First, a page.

Exodus 17:1-7: The people of Israel grumble against Moses because of their thirst and the lack of water, so God commands Moses to strike the rock, and when he does so, water gushes out.
Psalm 95: An invitation for God’s people to worship God, and not harden their hearts as Israel did at Meribah, resulting in them not entering God’s rest.
Romans 5:1-11: In Christ we have been made right with God, and have the Holy Spirit as assurance of God’s love. It was while we were still sinners that Christ died for us, and now we are God’s friends.
John 4:5-42: Jesus, while resting at Jacob’s well in Samaria, meets a Samaritan woman, speaks to her about living water and reveals himself as the Messiah to her. In delight she returns to her village and brings others to meet Christ, and they too believe.
(Summaries of readings by John van de Laar, Sacredise)
UN World Water Day (WWD) is recognised each year on March 22, and may be helpfully explored if the focus of the service is the Gospel reading on the woman at the well, and life-giving water. See the related link on this website here which includes prayer resources and links.
Call to Worship
Children of God, it’s time to take off your shoes,
Let go of the anxieties and worries, and
Wade with trust into the stream of God’s compassionate grace.
We come to be still for a moment,
to gather in holy time and space.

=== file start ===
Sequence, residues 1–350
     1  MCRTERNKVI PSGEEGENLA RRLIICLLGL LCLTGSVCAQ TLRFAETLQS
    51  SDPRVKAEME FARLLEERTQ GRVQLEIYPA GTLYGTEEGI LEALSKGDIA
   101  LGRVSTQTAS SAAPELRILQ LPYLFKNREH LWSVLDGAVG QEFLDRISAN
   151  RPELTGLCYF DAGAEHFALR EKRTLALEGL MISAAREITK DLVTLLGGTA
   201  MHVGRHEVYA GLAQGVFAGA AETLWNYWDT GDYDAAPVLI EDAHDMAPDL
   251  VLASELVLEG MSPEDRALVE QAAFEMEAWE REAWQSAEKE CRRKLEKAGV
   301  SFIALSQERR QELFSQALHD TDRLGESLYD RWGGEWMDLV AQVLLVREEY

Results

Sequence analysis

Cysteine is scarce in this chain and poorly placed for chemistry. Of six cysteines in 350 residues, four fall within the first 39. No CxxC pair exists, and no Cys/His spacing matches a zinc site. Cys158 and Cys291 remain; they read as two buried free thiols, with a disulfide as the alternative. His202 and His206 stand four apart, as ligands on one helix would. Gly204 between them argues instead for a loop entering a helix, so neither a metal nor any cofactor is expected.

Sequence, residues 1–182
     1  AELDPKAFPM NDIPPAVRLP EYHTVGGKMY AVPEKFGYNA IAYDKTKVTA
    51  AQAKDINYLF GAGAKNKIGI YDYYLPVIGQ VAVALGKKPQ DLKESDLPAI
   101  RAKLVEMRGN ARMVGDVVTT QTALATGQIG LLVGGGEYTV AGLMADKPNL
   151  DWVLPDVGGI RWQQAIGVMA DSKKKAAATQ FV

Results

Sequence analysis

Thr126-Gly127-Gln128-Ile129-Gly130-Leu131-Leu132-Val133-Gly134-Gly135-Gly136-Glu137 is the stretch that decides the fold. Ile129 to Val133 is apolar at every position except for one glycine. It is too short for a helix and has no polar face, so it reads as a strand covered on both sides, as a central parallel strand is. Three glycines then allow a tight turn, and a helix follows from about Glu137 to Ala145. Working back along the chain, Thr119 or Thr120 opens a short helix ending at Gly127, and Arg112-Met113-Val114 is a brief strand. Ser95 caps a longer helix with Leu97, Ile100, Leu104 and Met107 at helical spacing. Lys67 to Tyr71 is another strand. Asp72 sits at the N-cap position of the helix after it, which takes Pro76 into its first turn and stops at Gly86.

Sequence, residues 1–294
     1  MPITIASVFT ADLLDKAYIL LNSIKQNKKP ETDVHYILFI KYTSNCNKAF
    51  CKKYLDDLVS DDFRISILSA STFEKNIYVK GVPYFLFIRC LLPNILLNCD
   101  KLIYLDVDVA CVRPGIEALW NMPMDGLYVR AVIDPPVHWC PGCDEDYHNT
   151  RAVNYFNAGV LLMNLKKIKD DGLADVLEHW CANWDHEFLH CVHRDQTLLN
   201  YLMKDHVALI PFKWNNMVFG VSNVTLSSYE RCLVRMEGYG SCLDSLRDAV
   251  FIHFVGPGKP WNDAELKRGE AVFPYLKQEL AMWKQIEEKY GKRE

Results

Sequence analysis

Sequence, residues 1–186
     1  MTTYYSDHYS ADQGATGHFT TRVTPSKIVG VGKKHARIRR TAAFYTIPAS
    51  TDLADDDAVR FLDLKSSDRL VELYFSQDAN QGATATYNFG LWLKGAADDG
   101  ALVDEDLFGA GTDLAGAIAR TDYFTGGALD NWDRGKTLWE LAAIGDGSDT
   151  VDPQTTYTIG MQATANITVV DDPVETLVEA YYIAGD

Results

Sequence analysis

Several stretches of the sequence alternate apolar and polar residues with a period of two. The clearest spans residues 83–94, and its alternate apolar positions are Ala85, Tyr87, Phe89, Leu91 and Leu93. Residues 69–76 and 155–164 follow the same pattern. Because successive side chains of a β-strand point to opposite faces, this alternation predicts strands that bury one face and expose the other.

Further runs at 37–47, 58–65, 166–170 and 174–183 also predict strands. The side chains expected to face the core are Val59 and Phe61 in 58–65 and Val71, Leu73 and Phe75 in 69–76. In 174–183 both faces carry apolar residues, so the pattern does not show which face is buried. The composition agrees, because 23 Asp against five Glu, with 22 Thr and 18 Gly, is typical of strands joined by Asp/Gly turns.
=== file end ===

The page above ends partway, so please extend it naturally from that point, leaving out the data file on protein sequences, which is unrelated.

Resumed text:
Let the healing waters wash your heart.
Take a deep breath as Love soaks into your soul.
We come to know again that we belong,
We are treasured by God,
Listen to the whispering of God
Let the conversations with God begin
We come with our questions
And with our deep desires
To re-orientate our lives in God.
(Source: St Martins Presbyterian Church, Christchurch, NZ)
In a culture where only men can initiate marriage or divorce
she’s been thrown away by five husbands,
and now is used by one who won’t commit to her.
In a culture where women draw water in order of social status,
she’s there for her morning water at noon. She’s a pariah.
He’s a Jew and she’s a Samaritan; he’s a rabbi and she’s a woman.
She has no reason to expect an exchange at all, let alone respect,
and certainly not an engaging theological discussion.
But he sees her – her, not people’s judgment of her.
He sees her as she is, and accepts her without judgment:
she is not immoral; she has been used.
He sees her wound. And he sees the truth in her.
He sees her not as someone flawed,
but someone gifted.
He talks theology with her,
longer than with anybody else in the Gospels.
Then she leaves her water jug,
not out of forgetfulness but because she knows she’s coming back.
She goes into the village,
and the former outcast becomes the first Christian evangelist.
She brings people to Jesus.
Something happened in her that changed her.
What was it?
Imagine this: Jesus comes to you